Direct Sales Beauty Companies Market Makeup, Moisturizers And Social Missions
Andrew McBride, a 10-year veteran of the direct sales industry, was accustomed to companies with sales and recruitment as their chief objectives. Altruistic efforts were sometimes warmhearted corporate responsibility projects, but not a reason for being.
McBride’s new direct-sales cosmetics company, BeCause Cosmetics, is changing the business model by making altruism an underlying practice rather than a nice aside. It’s donating 3% of proceeds to charities of its brand ambassadors’ choice as the centerpiece of a commitment to women’s empowerment.
“Before I picked a business name or product offering, I knew I wanted to build a business with philanthropy as part of the strategy. I didn’t want to build a business, and then do a tax write-off and form a 501c3,” says McBride. “When we talk about the values important to us like charitable giving, that has driven the conversation from the very beginning, and is why people are interested in BeCause Cosmetics.”
In the direct sales segment in particular, beauty and personal care companies are positioning products as equal or even secondary to purpose. Whether it’s BeCause’s empowerment philosophy, Beautycounter’s push for legislative reform or Max & Madeleine’s mission to keep harmful ingredients away from kids, they’re finding interweaving principles and profits can be effective draws for customers and sellers looking for meaning in their makeup and moisturizers.
“Companies are trying to build this into their identity from the inception and not as a way of patting themselves on the back, but to really achieve something and make it integral to their business plan,” says Joe Mariano, president of the Direct Selling Association. “Direct selling is not your typical business for a typical person with an MBA. What keeps people involved is affirmation and a sense of accomplishment, not because you are earning a lot of money, but because you are helping yourself and the people around you.”
“Companies are trying to build this into their identity from the inception and not as a way of patting themselves on the back, but to really achieve something and make it integral to their business plan,” says Mariano of the Direct Selling Association.
The selfless message is especially important as companies attempt to broaden the pool of millennials in direct sales. Of the 20.5 million Americans participating in the segment last year, a figure that’s up 1.5% from 2015, roughly 21% are 25- to 34-years-old and nearly 64% are in older age brackets. Study after study concludes that millennials prefer to work at and buy from companies that care about more than cash.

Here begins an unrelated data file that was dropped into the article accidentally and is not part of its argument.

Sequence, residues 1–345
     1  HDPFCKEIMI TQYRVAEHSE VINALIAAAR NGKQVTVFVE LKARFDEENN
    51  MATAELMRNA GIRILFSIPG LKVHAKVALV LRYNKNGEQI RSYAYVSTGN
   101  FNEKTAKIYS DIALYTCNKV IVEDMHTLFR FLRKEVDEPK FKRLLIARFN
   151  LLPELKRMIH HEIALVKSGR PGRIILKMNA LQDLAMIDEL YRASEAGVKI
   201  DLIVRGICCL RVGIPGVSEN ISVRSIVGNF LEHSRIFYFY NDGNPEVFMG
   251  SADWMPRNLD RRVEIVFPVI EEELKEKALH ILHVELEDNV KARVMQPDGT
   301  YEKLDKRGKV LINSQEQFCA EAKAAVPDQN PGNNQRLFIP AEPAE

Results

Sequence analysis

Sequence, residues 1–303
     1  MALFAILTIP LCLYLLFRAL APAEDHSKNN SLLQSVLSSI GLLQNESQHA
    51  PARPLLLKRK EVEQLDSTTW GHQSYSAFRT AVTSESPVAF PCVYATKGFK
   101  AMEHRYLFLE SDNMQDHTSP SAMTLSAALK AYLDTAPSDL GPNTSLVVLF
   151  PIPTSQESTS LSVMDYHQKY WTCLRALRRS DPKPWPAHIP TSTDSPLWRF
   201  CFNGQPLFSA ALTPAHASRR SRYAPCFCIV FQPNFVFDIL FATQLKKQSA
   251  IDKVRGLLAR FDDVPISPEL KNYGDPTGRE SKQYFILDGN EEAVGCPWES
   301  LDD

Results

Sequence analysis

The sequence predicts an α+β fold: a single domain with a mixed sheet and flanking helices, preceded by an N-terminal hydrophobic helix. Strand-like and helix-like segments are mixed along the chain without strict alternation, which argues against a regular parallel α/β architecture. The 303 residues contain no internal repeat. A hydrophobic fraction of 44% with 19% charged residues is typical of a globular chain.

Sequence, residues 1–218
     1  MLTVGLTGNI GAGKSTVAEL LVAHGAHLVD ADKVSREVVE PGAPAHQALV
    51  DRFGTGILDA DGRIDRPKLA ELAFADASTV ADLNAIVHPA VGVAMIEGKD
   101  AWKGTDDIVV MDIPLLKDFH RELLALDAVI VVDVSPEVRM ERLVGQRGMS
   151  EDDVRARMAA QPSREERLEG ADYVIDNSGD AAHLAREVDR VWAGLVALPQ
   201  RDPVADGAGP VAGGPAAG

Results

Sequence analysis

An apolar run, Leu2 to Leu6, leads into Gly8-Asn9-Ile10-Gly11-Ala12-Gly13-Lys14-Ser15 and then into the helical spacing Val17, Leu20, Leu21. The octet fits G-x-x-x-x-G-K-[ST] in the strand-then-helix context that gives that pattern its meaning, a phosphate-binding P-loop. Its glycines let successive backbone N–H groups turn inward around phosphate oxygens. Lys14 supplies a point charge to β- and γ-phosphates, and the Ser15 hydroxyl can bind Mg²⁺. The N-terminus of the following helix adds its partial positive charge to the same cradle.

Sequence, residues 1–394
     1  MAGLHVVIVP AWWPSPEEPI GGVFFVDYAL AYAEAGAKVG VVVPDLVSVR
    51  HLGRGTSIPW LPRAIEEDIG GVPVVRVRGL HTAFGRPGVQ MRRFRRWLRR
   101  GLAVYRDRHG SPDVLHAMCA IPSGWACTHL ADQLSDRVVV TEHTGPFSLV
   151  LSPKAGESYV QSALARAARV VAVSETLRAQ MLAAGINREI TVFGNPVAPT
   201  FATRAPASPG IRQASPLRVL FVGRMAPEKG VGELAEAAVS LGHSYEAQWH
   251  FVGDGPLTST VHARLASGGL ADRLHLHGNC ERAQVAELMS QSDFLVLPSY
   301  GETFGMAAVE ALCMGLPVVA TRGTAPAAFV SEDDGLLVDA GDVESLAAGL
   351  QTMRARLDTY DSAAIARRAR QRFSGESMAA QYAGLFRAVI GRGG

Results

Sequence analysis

McBride is confident BeCause’s benevolence will compel people, notably millennials, to sign up as brand ambassadors or sales consultants, and an early informal survey bolstered his confidence. He asked the first ambassador applicants about motivating factors in their decisions to partner with brands, and their answers revealed values and product quality bested management and product pricing.
“I believe people want to do good in the world. They just don’t know how. When you take the power of a company like this, and the abilities it gives to bring so many people together to do great things, that’s going to resonate with people and bring them into the business,” says McBride. “They will see who we are and that we created this business to do good.”
Kimberly Cornwell, founder and CEO of Celadon Road Inc., which recently switched from a strict direct sales format to an affiliate system, says the company’s healthy, green approach to personal care merchandise enticed women without previous direct sales experience. “We tended to attract women that were not necessarily in it to make money. They wanted to be a spokesperson for a product they believed in,” she explains.
At direct sales makeup specialist Sweet Minerals, digital strategist Chrissy Marriner estimates 75% of its around 1,700 educators or sales representatives are worried about the ingredients they put on their skin and attracted to Sweet Minerals’ pure formulas. The rest, she says, “join for various reasons. They are either buying it because they’re supporting a friend or they’re just interested in the aspect of being able to wear it in the pool or looking airbrushed.”